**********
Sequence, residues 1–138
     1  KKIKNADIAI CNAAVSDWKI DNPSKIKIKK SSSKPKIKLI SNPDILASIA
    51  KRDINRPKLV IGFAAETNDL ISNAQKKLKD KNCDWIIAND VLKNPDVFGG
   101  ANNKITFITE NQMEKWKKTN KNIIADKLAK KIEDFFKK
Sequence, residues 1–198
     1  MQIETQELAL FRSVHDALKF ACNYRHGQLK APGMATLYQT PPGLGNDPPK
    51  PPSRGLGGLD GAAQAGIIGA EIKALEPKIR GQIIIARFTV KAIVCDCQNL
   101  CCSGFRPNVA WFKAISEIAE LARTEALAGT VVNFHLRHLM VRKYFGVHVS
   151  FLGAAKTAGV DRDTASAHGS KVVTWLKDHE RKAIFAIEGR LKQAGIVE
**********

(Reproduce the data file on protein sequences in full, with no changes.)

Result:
Sequence, residues 1–138
     1  KKIKNADIAI CNAAVSDWKI DNPSKIKIKK SSSKPKIKLI SNPDILASIA
    51  KRDINRPKLV IGFAAETNDL ISNAQKKLKD KNCDWIIAND VLKNPDVFGG
   101  ANNKITFITE NQMEKWKKTN KNIIADKLAK KIEDFFKK
Sequence, residues 1–198
     1  MQIETQELAL FRSVHDALKF ACNYRHGQLK APGMATLYQT PPGLGNDPPK
    51  PPSRGLGGLD GAAQAGIIGA EIKALEPKIR GQIIIARFTV KAIVCDCQNL
   101  CCSGFRPNVA WFKAISEIAE LARTEALAGT VVNFHLRHLM VRKYFGVHVS
   151  FLGAAKTAGV DRDTASAHGS KVVTWLKDHE RKAIFAIEGR LKQAGIVE